The Queensland Government has identified five focus areas to concentrate efforts over the medium-term to maximise benefits for Queenslanders. These focus areas will provide some of the best return on efforts across the public and private sectors, creating lasting benefits for Queenslanders.
Queensland has the potential to become a renewables and hydrogen superpower, creating new jobs in the growing clean energy economy. Not only will this reduce our greenhouse gas emissions, but these cleaner energy sources will in turn grow and decarbonise industries locally.
Our success in securing Brisbane 2032 sets Queensland up for two decades of exciting growth and opportunities. Brisbane 2032 will catalyse long-term, sustainable growth for our cities and regions.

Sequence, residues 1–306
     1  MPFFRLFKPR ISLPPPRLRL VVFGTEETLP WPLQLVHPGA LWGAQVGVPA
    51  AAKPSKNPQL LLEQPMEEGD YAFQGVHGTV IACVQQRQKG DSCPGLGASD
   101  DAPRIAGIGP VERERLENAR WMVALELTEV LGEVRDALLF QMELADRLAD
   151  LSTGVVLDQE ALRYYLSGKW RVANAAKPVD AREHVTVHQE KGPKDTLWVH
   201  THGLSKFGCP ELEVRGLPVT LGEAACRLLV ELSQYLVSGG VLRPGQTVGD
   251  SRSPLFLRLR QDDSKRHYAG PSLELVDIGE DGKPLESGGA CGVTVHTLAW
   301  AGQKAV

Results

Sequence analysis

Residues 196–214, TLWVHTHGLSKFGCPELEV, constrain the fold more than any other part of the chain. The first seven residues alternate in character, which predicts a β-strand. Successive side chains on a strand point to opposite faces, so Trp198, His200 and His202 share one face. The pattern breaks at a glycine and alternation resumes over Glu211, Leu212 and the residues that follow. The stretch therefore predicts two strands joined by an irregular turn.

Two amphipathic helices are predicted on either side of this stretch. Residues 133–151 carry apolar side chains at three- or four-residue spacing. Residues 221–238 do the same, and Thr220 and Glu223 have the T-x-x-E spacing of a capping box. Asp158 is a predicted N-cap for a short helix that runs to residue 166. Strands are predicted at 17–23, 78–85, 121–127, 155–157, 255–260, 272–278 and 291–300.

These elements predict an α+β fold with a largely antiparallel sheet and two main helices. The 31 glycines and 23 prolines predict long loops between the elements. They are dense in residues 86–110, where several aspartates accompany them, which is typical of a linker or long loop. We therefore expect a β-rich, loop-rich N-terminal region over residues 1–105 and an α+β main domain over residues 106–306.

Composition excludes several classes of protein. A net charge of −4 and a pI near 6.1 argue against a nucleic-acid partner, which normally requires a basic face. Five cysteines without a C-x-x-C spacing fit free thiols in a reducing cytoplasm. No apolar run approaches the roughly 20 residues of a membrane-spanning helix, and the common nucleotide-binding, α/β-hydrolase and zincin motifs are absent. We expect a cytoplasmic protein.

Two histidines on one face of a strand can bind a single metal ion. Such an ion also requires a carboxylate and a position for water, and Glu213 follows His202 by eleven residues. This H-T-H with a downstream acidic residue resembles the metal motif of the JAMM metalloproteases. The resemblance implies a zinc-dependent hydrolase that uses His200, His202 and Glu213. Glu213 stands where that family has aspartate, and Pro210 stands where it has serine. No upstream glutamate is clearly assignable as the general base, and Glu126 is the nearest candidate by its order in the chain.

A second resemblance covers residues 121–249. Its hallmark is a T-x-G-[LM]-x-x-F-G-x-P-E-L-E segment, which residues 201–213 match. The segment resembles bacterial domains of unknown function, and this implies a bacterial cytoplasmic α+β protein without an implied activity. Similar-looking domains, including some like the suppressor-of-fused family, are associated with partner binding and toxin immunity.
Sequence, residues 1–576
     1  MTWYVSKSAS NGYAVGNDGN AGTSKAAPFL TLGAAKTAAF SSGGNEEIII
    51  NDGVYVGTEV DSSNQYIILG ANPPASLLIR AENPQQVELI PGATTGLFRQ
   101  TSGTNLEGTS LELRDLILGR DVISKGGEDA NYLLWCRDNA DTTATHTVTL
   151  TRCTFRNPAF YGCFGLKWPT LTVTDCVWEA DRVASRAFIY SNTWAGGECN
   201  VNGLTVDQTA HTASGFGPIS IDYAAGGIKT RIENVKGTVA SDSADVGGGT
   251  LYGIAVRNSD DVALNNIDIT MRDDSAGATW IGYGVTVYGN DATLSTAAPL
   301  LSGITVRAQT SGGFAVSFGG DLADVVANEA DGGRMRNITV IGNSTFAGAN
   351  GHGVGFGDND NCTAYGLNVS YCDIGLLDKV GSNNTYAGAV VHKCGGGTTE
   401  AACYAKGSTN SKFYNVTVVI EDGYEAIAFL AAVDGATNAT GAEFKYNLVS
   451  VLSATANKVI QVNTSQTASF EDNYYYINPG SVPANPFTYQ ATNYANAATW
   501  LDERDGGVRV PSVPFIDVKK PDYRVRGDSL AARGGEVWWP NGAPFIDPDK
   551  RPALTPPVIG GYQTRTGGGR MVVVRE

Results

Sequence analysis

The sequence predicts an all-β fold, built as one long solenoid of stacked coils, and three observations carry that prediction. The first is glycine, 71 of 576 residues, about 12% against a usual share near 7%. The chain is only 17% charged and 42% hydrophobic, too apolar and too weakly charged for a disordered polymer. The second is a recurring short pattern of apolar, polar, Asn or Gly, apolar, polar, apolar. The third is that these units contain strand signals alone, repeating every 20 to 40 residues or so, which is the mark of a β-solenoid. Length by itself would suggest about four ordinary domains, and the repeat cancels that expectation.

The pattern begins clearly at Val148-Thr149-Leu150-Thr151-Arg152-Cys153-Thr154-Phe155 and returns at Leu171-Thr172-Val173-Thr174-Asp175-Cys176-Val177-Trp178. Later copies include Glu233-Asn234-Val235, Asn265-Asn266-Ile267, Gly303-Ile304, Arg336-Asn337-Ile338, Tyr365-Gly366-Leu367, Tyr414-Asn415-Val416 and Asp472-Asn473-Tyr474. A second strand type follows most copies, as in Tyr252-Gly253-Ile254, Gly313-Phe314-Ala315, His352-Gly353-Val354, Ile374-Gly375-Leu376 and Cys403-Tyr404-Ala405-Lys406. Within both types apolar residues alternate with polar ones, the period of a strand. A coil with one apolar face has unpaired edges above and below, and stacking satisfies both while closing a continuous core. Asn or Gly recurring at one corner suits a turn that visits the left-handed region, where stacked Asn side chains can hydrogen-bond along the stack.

Queensland is the most decentralised mainland state in Australia. Families, friends and businesses live, work and socialise across thousands of kilometres. Connecting our regions – both digitally and physically – with Australia and the rest of the world is critical.
Infrastructure must plan for livable communities, enhance our quality-of-life and provide for population growth to meet diverse and changing needs. Healthy and livable communities are safe, inclusive and accessible, resilient to our changing climate, and provide a sense-of-place and belonging.
Productive infrastructure is a critical enabler to unlock the state’s future success. The Queensland Government is continuing to optimise the performance of our infrastructure program through a range of actions including supporting the transition to digital by default, and working with industry to improve productivity.
Infrastructure class priorities
The strategy outlines 183 state-wide priorities that will drive the performance of our infrastructure program and respond to the unique challenges and opportunities faced by Queenslanders into the future. These priorities cover 10 infrastructure classes, including a cross-government class.